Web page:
Certified critic on Rotten Tomatoes. Member of the Houston Film Critics Society. Also writes for Bounding Into Comics and GeeksHaveGame.
Grief Divided is Made Lighter
In Alex Garland’s Men, Harper (Jessie Buckley, I’m Thinking of Ending Things) takes a solo trip to the countryside to distract herself from the death of her ex-husband. Two weeks entirely to herself in an amazing house close to a village. It seems like a perfect getaway to recharge, but Harper doesn’t realize that she’s still grieving and every man she comes across in the village looks like Geoffrey (Rory Kinnear, Our Flag Means Death), the owner of the house where she’s currently staying.
Men is the third film Alex Garland has directed after Ex Machina and Annihilation. Falling under the folk horror genre (think The Wicker Man, Midsommar, and Lamb), Men prioritizes a surreal and horrific ambiance over a fully coherent story. As is, Men has that nonsensical storytelling Alexandre Aja’s High Tension has; the ending as well as many things leading up to it is illogically baffling. However, it’s something that feels deliberate by Garland. The ambiguity of what viewers take away from Men is part of what makes it so great.
What’s intriguing about Men is that you can’t really spoil it. Everything from the film could be laid out in front of you right now and it would still be a unique cinematic experience. The film mostly revolves around male toxicity and gaslighting, but it also seems to be saying something about grief and how we deal with it. Even though James (Paapa Essiedu), Harper’s ex-husband, dies in the film, Harper is the one that is transported to Hell. She is haunted by the final conversation she had with James, as well as how he died. The events of Men play out unusually, as well. They often show something happening like Harper walking down the hallway, out the front door, getting into her car, and driving away and splicing it with her never leaving the house and slightly caressing her surroundings instead of running for her life.
You can’t get a clear read on Geoffrey either and that’s the point. Geoffrey and all of his doppelgangers likely represent several different things, but he mostly feels like a mutilated manifestation of Harper’s guilt. Every version of Geoffrey seems to poke and prod at Harper in a way that never lets her forget about her former relationship. Harper secretly blames herself for James’ death and that heavy burden evolves into a nightmarish fever dream over the course of Men.
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Like other Alex Garland directed films, Men features exceptional performances from the two leads. Jessie Buckley’s performance is hopeful at first, then slowly slides into anxious fear. The issue is that the Harper character ultimately feels like she doesn’t really go anywhere. She’s distraught and she has these unbelievable occurrences happening to her and yet Harper as an on-screen character is kind of boring. Take away all the strange phenomena and her ex-husband and Harper doesn’t have much else in the form of memorable characteristics.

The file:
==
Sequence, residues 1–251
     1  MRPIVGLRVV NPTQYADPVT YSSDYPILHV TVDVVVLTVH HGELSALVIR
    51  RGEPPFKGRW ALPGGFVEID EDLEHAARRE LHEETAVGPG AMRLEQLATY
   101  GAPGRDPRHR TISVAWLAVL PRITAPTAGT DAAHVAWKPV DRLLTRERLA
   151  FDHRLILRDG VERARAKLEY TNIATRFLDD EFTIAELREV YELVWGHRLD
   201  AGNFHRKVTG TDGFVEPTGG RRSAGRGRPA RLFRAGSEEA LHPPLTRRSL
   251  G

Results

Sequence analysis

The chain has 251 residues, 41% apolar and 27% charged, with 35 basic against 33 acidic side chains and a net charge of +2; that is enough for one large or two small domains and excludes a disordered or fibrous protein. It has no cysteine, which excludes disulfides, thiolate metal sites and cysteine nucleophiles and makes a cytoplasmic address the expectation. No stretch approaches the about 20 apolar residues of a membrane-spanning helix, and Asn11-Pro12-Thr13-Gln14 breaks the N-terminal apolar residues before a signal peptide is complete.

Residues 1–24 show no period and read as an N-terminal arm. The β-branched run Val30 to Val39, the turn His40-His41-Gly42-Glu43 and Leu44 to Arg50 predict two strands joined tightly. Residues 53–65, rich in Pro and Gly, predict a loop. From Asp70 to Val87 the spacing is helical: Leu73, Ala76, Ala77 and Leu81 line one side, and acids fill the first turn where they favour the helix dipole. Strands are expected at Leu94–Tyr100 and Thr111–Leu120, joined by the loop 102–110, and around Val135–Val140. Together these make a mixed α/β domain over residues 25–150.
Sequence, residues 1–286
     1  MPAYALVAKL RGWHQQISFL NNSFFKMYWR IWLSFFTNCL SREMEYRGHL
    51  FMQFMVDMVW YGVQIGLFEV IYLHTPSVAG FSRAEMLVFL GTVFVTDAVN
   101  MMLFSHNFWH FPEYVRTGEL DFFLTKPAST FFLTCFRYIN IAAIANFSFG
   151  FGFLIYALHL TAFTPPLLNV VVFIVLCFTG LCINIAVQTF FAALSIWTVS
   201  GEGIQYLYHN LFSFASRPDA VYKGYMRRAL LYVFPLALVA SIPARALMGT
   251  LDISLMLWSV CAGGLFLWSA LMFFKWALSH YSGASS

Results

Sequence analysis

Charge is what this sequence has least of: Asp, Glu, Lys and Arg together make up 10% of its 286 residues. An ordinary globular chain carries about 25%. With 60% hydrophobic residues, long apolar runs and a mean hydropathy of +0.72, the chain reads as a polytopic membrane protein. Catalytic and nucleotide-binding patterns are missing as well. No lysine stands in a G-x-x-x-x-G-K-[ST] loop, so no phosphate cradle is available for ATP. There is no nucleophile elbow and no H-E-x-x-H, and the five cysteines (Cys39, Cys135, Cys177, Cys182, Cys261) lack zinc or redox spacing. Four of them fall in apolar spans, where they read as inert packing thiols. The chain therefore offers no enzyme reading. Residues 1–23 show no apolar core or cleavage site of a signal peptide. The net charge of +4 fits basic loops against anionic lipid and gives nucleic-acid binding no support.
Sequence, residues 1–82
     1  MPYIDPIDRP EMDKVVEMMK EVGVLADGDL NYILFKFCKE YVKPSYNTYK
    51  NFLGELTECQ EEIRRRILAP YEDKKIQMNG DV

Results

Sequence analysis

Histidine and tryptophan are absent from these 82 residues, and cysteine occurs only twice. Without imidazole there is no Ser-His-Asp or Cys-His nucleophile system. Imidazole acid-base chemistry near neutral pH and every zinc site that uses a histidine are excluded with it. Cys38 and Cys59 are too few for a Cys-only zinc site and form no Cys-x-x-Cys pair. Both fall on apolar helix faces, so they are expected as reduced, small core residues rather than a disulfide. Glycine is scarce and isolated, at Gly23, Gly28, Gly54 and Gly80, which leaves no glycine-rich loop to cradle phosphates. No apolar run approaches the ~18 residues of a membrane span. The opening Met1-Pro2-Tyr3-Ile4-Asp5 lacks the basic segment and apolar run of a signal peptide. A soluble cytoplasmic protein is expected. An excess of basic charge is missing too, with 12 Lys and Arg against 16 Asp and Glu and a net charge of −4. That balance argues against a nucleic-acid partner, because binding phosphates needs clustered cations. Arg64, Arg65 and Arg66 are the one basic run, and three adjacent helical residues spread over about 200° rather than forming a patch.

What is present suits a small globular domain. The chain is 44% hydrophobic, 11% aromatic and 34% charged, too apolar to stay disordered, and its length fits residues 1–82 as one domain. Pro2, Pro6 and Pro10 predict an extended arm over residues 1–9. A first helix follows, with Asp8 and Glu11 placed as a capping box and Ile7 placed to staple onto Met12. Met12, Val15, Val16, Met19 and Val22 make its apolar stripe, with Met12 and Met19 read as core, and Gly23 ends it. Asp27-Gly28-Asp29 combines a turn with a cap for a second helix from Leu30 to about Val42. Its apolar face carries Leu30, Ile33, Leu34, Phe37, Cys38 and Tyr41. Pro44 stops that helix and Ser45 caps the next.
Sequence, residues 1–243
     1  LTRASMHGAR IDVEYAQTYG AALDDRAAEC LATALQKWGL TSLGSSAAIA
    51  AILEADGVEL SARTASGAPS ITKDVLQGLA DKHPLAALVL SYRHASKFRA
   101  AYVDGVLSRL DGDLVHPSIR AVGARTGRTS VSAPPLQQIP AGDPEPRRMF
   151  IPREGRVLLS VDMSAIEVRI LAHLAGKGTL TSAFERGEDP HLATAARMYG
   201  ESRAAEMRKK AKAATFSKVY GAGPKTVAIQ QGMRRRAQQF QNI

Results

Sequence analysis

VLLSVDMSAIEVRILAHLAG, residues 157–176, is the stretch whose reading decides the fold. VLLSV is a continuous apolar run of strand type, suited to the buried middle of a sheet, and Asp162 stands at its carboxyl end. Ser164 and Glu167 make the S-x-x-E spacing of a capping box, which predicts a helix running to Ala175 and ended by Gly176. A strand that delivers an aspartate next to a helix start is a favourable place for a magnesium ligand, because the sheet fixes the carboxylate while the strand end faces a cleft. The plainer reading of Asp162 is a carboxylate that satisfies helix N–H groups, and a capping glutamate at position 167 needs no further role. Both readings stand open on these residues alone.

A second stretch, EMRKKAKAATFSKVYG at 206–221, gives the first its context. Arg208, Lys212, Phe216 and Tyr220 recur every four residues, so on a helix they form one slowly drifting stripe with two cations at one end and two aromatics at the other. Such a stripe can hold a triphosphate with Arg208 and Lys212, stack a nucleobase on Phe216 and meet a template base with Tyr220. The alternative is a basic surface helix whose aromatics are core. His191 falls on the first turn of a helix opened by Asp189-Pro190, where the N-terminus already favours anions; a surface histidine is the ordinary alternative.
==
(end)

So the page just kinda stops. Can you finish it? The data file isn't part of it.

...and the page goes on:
Since Rory Kinnear gets to portray so many different characters he essentially gets to portray a smorgasbord of emotions and peculiarities. As Geoffrey, he has this awkward yet harmless demeanor to him. He’s falsely comforting as the vicar once he reveals his perverted sexual nature and inability to quiet his manipulative bluntness. As the young boy, he’s aggressively playful while as the stalker he’s naked with no restraints. He has nothing to lose and nothing to hide, so this version of him doesn’t seem to abide by normal rules.
You likely won’t ever look at a mail slot the same way again after Men. Like the bear scene in Annihilation, this is the type of horror that lingers in your brain for years, if not forever. Without flat-out describing the ending in detail, it’s jaw-dropping and bonkers. The grief Harper has struggled with throughout the film seems to be trying to reboot itself into something tangible, but it can’t keep its shape. It dissolves and reforms only to wither away again over and over right in front of Harper. It’s bizarre, graphic, and unforgettable.
People will hate Men if they go into it wanting a straightforward story or a film that has one, clear-cut meaning once the end credits crawl across the screen. Men doesn’t offer either of those things. The film features stunning cinematography, a mesmerizing forest sequence, and a thrilling score that is as unsettling as it is operatic. Rory Kinnear is exquisitely chilling. This is the type of horror film that is purely, disgustingly, and gloriously nasty and ambiguous. Men is simultaneously a film you shouldn’t think too much about and yet absolutely think about all the time once it’s over.
© 2022 Chris Sawin